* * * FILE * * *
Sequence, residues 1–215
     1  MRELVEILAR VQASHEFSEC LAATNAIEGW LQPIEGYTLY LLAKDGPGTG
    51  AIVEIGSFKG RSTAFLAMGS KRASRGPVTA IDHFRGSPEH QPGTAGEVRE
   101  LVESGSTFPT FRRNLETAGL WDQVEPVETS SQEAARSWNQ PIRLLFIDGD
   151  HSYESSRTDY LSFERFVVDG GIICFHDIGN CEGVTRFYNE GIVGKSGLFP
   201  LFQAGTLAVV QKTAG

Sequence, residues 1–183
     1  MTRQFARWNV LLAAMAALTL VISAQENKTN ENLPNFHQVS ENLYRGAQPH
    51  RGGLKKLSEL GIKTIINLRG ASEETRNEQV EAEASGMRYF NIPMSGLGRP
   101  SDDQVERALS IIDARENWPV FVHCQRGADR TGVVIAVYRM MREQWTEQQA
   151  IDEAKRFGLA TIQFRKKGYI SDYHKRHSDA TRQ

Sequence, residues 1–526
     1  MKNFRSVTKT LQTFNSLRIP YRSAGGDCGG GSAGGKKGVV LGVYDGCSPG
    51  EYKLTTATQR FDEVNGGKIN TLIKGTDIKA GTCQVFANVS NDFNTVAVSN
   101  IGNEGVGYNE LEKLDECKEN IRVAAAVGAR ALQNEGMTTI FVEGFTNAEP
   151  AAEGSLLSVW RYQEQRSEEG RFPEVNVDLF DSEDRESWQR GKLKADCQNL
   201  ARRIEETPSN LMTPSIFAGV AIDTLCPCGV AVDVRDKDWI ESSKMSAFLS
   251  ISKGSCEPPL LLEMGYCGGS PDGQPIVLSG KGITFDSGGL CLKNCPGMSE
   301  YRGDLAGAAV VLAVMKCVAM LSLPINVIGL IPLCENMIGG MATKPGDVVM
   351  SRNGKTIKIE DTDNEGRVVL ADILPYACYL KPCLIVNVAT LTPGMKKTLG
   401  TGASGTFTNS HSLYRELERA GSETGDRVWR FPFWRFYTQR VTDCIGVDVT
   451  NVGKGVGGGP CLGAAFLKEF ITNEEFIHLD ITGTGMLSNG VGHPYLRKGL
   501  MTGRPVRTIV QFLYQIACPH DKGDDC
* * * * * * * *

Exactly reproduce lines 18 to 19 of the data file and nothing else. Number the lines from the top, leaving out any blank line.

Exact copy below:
   251  ISKGSCEPPL LLEMGYCGGS PDGQPIVLSG KGITFDSGGL CLKNCPGMSE
   301  YRGDLAGAAV VLAVMKCVAM LSLPINVIGL IPLCENMIGG MATKPGDVVM